Luis de Gongora, painted by Diego Velázquez in...

Luis de Gongora y Argote. Image via Wikimedia Commons.

Onward, to España, where the Bullfights in Pretzels and Bullfights got its fame! This week, we’re examining a piece by one Luis de Góngora y Argote, a masterful lyric poet of the Spanish Baroque variety.

One of the most prominent Spanish poets of his time (late 1500s to early 1600s), Luis’s writings are characterized by what we now call today, Gongorism, in honor of the man. The style–also known as Culteranismo–is an ornamental one, utilizing vast vocabulary and a message often swimming in an ocean of metaphors and a complex syntactical order. It even had a counterpart, produced by one of Luis’s contemporaries–Francisco de Quevedo. Francisco’s style, Conceptismo, counteracted Culternaismo with a more witty style despite simple vocabulary, and attempted to put multiple meanings into as few words as possible.

Today’s piece, “Not All Sweet Nightingales,” offers a fine sampling of Luis’s style.

~Chris Galford

“NOT ALL SWEET NIGHTINGALES”

THEY are not all sweet nightingales

That fill with songs the flowery vales;

But they are little silver bells,

Touched by the winds in the smiling dells;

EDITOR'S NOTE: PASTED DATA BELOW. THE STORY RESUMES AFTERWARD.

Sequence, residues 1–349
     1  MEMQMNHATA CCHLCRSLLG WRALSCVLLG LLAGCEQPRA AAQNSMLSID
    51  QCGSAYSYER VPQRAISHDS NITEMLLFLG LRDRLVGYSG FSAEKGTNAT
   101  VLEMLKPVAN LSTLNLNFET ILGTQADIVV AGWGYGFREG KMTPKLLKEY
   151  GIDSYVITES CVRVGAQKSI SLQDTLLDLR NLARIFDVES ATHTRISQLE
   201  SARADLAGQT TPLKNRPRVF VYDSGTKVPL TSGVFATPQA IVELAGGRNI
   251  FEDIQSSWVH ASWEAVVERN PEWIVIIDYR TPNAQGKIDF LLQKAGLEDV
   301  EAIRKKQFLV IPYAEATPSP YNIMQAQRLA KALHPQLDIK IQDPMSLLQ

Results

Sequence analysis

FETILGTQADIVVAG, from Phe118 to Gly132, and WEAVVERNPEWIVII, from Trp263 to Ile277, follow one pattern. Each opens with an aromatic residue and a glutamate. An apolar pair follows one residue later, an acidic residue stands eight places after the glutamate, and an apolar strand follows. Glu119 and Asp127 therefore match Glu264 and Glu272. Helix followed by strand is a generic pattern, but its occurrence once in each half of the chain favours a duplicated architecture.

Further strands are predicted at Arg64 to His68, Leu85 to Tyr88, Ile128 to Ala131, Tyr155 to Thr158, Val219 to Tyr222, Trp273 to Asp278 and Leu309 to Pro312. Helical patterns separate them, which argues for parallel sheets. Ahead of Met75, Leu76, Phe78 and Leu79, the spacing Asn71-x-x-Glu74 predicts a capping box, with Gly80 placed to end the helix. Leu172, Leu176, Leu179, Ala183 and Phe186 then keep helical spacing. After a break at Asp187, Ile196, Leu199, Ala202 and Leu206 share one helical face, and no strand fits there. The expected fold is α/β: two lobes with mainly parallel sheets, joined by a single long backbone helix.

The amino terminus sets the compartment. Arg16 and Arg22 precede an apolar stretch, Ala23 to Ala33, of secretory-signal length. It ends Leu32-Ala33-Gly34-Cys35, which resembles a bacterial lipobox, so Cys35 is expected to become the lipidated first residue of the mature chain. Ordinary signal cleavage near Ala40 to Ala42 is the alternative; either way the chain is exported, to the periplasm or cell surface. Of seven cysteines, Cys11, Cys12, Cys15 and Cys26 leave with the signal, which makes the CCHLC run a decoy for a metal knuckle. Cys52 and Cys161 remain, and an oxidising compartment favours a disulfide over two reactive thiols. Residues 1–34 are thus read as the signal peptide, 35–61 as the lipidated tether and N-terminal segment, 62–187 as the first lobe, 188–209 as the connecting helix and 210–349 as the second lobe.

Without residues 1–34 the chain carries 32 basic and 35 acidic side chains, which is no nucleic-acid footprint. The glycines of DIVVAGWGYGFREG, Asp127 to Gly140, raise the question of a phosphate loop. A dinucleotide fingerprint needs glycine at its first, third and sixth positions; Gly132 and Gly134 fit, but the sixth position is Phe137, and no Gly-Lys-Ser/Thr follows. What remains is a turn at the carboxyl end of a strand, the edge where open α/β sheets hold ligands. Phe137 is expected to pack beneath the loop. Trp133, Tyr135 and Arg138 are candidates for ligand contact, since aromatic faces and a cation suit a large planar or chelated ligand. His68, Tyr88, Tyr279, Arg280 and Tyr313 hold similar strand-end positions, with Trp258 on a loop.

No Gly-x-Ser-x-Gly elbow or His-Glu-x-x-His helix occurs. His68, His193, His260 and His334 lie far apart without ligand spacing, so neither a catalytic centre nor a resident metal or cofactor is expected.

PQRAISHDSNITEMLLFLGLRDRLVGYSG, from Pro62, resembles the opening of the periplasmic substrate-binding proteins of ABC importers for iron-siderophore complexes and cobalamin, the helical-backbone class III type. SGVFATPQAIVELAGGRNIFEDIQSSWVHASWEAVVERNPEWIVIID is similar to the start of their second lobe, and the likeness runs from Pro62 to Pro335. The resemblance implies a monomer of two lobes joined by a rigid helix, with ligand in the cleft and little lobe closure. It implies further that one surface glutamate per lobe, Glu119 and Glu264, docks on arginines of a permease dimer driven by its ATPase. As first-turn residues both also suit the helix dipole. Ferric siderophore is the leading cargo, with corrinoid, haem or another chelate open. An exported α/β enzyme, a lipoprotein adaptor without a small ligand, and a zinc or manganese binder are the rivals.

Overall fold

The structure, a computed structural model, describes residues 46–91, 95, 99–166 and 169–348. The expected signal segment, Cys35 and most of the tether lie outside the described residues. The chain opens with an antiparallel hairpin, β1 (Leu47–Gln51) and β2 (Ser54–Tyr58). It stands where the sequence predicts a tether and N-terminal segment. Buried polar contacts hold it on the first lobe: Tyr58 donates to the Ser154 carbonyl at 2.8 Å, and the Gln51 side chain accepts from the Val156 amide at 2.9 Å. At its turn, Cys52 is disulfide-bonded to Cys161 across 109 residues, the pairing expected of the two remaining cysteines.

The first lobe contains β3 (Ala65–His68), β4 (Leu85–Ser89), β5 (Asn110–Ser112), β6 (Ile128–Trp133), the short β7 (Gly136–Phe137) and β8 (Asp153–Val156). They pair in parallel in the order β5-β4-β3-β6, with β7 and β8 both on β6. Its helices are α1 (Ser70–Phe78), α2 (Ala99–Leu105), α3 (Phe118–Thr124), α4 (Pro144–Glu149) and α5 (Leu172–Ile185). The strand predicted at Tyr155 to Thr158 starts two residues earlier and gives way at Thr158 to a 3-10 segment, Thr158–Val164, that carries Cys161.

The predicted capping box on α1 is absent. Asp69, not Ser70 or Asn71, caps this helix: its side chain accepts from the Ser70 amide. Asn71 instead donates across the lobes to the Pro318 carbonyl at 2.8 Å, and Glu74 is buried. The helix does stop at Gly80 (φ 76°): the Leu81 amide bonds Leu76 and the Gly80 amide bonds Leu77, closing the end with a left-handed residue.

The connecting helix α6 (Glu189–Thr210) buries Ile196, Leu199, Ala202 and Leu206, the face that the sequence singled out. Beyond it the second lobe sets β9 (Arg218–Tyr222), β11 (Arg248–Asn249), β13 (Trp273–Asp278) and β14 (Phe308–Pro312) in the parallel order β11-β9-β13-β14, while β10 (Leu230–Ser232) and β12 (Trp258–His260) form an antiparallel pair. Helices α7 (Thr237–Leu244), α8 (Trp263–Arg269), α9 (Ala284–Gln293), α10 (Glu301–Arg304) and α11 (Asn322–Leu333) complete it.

Magic bells of gold in the grove,

Forming a chorus for her I love.

Think not the voices in the air

Are from the wingéd Sirens fair,

Playing among the dewy trees

Chanting their morning mysteries;

Oh! if you listen, delighted there,

To their music scattered o’er the dales,

They are not all sweet nightingales

That fill with songs the flowery vales;

But they are little silver bells,

Touched by the winds in the smiling dells;

Magic bells of gold in the grove,

Forming a chorus for her I love.

Oh! ’twas a lovely song — of art

To charm — of nature to touch the heart;

Sure ’twas some shepherd’s pipe, which played

By passion fills the forest shade;

No! ’tis music’s diviner part

Which o’er the yielding spirit prevails.

They are not all sweet nightingales

That fill with songs the flowery vales;

But they are little silver bells,

Touched by the winds in the smiling dells;

Magic bells of gold in the grove,

Forming a chorus for her I love.

In the eye of love, which all things sees,

The fragrance-breathing jasmine trees–

And the golden flowers — and the sloping hill–

And the ever melancholy rill–

Are full of holiest sympathies,

And tell of love a thousand tales.

They are not all sweet nightingales,

That fill with songs the cheerful vales;

But they are little silver bells,

Touched by the wind in the smiling dells,

Bells of gold in the secret grove,

Making music for her I love.

Till I too shared thy heavenly rest.

~Written by Luis de Argote y Góngora,
Translated by John Bowring